Can I do a Probate in Florida if I Live in Another State?

Everyone loves coming to Florida. Across the nation, it is one of the most popular places to buy a second home or retire to. Its natural beauty, no income tax, and pleasant weather make Florida a very appealing stop. Even people who aren’t from the United States make Florida a part of their lives. People from places like Columbia, Cuba, Panama, and other places move here rapidly. We have a high population of people from cold states like Wisconsin and Minnesota, too… Especially up North. People seem to love it here!

But, even if you’ve made the leap and moved to the Sunshine State, that doesn’t mean your family will. Most will choose to stay home or visit rather than move to a new state. It can lead to a challenging situation following a loved one’s passing – What do your loved ones out of state need to do? First, they will need to speak to a Florida probate attorney. Florida’s probate process might be different than in their home state. Luckily, we are here to help.

What Should I Do if a Loved One Died in Florida?

Before you even start worrying about legal issues, you need to give yourself time to grieve. You’re going to be hurting after your loved one passes away, and handling your feelings is the first step. Give yourself the time you need to grieve and don’t rush into making any decisions while you’re still hurt. Then, once you’ve worked through the grieving process and you’re ready to move forward, you can start.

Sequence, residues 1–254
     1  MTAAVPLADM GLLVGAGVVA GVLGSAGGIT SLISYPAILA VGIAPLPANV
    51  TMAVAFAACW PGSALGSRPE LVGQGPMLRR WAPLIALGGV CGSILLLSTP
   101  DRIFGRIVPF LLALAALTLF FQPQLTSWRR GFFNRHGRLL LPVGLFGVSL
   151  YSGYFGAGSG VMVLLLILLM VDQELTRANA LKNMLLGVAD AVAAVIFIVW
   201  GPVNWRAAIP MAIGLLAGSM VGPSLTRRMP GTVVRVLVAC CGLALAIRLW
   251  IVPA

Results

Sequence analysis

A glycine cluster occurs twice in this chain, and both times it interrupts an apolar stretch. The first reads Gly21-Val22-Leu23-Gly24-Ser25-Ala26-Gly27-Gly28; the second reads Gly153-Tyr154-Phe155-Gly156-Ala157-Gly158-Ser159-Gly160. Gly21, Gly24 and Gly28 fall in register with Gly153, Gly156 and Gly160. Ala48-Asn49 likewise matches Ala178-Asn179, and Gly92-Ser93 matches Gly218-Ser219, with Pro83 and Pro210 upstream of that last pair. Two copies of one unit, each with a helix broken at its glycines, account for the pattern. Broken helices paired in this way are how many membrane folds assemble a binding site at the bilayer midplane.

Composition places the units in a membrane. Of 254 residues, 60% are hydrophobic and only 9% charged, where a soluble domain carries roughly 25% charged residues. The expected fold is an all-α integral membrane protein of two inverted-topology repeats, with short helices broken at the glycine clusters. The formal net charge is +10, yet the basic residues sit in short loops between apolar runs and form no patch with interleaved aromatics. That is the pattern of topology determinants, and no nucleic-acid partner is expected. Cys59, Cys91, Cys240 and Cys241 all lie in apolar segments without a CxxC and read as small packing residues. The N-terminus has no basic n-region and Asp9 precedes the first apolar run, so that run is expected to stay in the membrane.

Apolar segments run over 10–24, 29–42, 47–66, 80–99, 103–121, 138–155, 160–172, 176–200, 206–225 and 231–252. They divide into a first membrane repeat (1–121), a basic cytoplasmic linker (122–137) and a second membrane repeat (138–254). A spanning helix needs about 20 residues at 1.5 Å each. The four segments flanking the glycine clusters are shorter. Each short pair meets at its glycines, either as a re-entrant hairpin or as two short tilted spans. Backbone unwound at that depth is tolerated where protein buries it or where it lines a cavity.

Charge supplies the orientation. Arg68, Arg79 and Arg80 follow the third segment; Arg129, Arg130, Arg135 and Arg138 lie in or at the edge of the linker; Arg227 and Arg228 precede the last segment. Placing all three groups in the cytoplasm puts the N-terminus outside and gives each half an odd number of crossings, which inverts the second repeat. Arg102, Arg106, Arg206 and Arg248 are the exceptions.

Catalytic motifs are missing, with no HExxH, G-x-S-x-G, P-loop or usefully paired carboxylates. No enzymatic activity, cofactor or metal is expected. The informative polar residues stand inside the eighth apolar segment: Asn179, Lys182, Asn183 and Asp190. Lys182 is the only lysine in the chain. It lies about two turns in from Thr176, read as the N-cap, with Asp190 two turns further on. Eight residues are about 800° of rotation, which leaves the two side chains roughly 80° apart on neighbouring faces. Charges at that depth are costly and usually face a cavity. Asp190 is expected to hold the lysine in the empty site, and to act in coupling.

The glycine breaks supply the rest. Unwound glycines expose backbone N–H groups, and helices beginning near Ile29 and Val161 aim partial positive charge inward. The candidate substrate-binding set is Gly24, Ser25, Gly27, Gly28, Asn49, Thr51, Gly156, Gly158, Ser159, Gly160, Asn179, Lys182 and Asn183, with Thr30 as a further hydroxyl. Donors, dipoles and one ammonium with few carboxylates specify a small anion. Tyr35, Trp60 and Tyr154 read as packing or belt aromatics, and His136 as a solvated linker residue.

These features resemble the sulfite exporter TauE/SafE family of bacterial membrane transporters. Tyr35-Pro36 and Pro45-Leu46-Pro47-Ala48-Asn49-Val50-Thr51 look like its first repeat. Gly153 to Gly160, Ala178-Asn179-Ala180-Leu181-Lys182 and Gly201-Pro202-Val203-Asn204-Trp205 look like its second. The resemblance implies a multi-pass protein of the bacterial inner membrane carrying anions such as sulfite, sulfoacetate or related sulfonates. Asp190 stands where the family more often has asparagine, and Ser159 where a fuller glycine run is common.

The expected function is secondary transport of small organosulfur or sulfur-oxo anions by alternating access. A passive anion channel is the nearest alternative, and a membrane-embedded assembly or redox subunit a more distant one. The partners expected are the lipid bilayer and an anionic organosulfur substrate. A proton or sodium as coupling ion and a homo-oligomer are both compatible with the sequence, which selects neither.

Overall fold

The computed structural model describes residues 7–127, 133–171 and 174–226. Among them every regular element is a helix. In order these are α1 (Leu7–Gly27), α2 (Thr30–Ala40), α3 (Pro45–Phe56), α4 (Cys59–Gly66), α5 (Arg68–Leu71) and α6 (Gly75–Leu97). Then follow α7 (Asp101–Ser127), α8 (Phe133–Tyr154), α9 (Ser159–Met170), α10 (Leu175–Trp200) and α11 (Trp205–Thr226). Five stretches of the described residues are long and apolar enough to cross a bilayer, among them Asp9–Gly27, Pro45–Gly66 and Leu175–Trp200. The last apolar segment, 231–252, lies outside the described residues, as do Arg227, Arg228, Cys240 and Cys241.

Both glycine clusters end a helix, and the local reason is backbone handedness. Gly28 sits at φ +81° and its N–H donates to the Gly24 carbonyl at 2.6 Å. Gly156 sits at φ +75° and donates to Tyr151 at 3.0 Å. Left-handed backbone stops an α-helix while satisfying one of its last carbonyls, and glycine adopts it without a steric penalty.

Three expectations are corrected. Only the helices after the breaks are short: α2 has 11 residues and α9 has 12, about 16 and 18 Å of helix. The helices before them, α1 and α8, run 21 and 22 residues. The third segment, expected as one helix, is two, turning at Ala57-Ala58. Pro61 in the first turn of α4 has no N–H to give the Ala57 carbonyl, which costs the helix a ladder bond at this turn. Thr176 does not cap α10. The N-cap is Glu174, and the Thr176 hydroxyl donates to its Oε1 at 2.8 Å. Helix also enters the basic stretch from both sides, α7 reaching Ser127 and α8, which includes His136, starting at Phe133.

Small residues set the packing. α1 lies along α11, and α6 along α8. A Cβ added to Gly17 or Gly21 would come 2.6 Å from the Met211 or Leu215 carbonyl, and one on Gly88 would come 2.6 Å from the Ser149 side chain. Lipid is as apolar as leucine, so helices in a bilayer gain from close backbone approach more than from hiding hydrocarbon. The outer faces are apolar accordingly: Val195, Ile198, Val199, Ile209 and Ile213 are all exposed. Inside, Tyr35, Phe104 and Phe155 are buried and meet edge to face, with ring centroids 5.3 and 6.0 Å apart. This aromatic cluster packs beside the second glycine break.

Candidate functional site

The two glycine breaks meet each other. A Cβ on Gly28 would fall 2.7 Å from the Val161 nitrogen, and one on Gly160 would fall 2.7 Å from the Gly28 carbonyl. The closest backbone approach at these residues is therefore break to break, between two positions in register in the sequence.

Funeral or cremation arrangements are next and are vital to get right. Be detailed with your funeral director. Amending the death certificate can be difficult, so accuracy is important.

The Next Steps

After your loved one passes, it is important to begin identifying and securing assets. First, it is vital to contact a probate attorney and notify institutions about the death. This protects your loved one’s assets from identity fraud. Next, keep a detailed list of what assets existed where. Homes will need to update their locks, which is in the best-case scenario. If you and your loved one had drifted apart, you might need to do some digging. Going through mail to locate accounts and hiring a private investigator can help.

Also, be aware of potential debt collectors or crediting establishments. Your loved one may have had outstanding bills. Usually, family members are not responsible for their loved ones’ unpaid bills. Before deciding what to do about outstanding debts, contact us and tell us your situation.

Next, it’s essential to hire a probate attorney in Florida. Chances are your loved one had bank accounts, and you will most likely have to open a probate to secure them. In addition, things like stocks, bonds, and any other financial assets will need probate. You may suspect that you need to hire a probate attorney in the county where your loved one owned assets. This is not true. Dowd Law Firm services clients all over the Florida panhandle. Additionally, Florida usually handles its probate process through electronic means. This helps speed up the process. If you need additional information, contact us at Dowd Law.

In Closing

Probate law is a very specialized field of law. Because you will likely be working with your attorney for a long time, you must trust them. At Dowd Law Firm, we have decades of experience with estate law. We’ll get you through the process, and we won’t miss a detail. Call us for a consultation today, and we’ll talk about how we can help you. In most cases, you never even have to come to Florida, though we’d love to have you!